For interpreter, we’ll utilize the most of otto library as well, but due to the fact that we have to allocate the memory on our own, so we’ll modify some parts of interpreting process.
Just-In-Time compiler (JIT) #
Just-In-Time compiler will monitor the interpreting process and improve its efficiency. We skip the implementation for the phase one, because the main usage of it is to optimize the performance of compilation process and we probably don’t need that for educational purpose (Of course, how to implement a JIT compiler is still a quite interesting topic I think).If you want to know more on how it works, I recommend that you can start from this article written by Lin Clark: A crash course in just-in-time (JIT) compilers.
A heap is a large region of your computer’s memory to store the data used in your program. Normally, a runtime system uses Stack memory to handle static data and Heap-based memory to handle dynamic data, but to make it simpler for our implementation, we only allocate memory from the heap. Inside the heap, we divide memories into fixed numbers of regions (which will be used for garbage collection) and we define the memory size for each region, primitive types and compound types. Moreover, it also contains some methods to create a new memory region, write data into the memory, read data from the memory…so on and so forth.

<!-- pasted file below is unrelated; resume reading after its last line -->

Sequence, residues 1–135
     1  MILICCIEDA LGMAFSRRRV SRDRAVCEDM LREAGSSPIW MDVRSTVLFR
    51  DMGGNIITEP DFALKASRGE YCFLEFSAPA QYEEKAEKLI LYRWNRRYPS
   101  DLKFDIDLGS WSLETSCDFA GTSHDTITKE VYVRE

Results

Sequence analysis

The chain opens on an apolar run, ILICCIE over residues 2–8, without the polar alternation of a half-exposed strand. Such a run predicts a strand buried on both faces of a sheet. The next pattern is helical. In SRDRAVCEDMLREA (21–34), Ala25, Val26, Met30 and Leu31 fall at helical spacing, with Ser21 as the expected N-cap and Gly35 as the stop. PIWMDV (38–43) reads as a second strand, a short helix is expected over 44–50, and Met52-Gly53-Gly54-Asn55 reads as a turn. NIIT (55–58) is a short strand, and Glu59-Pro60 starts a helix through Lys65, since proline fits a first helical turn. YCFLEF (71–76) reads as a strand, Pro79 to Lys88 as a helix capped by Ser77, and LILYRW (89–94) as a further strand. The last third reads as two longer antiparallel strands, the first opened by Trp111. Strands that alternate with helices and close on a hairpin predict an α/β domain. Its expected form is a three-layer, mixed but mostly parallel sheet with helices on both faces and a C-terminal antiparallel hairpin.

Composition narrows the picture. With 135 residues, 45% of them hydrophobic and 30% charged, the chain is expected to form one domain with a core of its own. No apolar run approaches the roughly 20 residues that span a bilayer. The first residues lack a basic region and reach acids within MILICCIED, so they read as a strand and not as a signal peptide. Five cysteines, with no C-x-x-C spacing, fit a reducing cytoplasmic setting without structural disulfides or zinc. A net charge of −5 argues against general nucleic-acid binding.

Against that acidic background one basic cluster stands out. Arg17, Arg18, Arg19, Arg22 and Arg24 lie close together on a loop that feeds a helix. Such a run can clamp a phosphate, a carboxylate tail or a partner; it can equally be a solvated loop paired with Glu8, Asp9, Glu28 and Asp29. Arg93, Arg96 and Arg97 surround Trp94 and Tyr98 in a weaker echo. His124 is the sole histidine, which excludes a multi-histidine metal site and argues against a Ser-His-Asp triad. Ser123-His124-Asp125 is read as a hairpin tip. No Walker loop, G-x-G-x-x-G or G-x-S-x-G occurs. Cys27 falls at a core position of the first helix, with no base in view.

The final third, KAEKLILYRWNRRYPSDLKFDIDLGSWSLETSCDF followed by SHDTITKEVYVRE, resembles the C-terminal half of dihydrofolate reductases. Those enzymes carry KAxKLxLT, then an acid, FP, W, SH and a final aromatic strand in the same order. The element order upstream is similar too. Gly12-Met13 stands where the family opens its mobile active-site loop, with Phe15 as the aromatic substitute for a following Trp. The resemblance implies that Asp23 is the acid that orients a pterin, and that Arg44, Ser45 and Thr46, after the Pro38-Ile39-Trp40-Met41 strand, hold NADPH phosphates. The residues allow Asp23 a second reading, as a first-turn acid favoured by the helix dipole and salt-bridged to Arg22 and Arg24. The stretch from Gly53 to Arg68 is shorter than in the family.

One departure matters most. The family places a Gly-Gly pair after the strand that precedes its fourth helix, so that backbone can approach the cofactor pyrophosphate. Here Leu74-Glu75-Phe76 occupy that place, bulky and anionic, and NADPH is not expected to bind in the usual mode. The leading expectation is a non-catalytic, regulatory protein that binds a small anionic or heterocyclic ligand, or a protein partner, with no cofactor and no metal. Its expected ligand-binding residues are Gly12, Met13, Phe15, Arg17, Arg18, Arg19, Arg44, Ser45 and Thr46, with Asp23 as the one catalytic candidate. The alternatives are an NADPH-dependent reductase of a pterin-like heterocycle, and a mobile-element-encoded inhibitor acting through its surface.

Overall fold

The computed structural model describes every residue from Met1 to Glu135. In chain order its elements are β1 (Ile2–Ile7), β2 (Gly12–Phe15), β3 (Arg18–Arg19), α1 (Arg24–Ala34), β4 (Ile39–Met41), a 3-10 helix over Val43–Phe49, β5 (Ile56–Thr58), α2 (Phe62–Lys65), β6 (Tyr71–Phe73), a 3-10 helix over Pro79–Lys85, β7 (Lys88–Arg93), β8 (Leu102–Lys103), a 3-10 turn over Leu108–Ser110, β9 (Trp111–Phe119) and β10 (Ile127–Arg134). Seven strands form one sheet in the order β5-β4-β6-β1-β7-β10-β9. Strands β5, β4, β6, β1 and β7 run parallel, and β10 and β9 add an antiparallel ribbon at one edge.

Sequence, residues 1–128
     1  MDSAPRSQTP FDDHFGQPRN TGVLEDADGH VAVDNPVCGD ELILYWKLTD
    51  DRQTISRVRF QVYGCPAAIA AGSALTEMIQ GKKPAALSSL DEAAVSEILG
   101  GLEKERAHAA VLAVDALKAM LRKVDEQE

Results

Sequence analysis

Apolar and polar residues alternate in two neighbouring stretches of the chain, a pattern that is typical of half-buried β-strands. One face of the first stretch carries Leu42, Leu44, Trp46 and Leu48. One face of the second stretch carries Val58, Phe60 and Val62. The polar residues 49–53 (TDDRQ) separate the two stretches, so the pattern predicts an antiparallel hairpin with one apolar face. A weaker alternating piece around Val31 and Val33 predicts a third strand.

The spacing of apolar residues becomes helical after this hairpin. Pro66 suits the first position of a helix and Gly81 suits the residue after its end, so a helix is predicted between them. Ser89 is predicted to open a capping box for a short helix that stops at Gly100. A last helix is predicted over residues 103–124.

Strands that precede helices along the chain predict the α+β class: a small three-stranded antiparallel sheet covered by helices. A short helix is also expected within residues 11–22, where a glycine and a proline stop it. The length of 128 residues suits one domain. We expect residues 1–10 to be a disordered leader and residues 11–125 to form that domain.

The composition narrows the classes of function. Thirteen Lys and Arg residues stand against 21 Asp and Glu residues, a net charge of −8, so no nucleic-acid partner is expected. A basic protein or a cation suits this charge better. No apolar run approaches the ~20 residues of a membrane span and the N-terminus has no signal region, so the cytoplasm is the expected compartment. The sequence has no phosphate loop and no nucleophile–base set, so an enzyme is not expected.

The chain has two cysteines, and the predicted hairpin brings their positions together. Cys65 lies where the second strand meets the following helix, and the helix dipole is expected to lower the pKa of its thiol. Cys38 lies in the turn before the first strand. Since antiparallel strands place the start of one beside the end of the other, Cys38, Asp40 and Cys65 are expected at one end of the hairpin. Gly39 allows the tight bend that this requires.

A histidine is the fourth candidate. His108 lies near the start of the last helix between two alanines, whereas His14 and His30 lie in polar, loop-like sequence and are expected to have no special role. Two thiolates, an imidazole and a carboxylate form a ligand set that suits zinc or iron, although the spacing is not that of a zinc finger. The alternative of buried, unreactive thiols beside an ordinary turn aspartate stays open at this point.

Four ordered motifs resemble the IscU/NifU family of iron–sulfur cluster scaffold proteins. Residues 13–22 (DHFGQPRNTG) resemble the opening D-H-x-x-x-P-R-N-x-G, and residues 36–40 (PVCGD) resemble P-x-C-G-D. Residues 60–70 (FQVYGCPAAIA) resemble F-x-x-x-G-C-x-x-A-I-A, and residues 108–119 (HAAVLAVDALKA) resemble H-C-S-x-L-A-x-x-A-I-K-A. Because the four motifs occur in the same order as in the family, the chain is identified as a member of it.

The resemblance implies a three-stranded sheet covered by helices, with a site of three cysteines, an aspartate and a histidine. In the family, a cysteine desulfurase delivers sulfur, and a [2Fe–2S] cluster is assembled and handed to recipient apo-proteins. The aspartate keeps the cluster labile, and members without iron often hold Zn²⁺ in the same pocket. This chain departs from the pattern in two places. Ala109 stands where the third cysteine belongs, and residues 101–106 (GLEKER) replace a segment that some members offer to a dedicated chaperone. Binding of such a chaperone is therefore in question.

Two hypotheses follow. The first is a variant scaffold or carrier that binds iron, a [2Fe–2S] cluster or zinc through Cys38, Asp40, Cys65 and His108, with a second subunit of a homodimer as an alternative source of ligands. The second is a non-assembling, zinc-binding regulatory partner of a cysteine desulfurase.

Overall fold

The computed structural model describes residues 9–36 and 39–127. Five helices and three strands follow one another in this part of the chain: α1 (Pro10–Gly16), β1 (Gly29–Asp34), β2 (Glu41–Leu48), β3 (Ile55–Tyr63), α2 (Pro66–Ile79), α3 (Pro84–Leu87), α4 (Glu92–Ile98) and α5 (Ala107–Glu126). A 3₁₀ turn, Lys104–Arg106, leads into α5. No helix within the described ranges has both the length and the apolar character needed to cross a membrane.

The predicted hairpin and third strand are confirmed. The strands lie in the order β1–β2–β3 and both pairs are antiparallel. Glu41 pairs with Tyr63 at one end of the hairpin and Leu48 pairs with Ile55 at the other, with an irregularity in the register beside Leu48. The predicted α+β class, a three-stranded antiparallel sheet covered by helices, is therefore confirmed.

Along the way of interpreting process, the allocator will allocate memory for things like declaring and initializing variables. It will do so by consuming the methods provided by the Heap module. Besides, the allocator will try to re-use the region of memory it keeps. If there is no enough empty regions, it will ask Heap for more.
Garbage Collector #
Garbage collector is a mechanism on when and how we should recycle regions of our memory. There are different levels of garbage collection (minor GC, major GC and full GC), depending on current memory usage. For example, before a new region of memory is created by the heap, it may trigger a minor GC if there is no available region and if minor GC is not enough, a major GC or full GC will be triggered. Of course, there are way more details than described here, but just give you some basic idea.
Runtime APIs #
When writing a program, you sometimes need to do things that are quite common but out of programming language’s core features, for example, interacting with the file system. Take Node.js runtime as an example, it has fs native module, which provides an API for interacting with the file system, and is part of Node.js runtime APIs.
What’s mentioned above are pieces you will need to implement a runtime system. For sure, there are far more details than I described here, so if you’re interested in implementing one with us or on your own, just keep an eye on our open source project (https://github.com/pptang/goodtime/) and feel free to give us any suggestion or feedback!
Along the way, I’ll publish more articles explaining more fun challenges while implementing our runtime system🙂.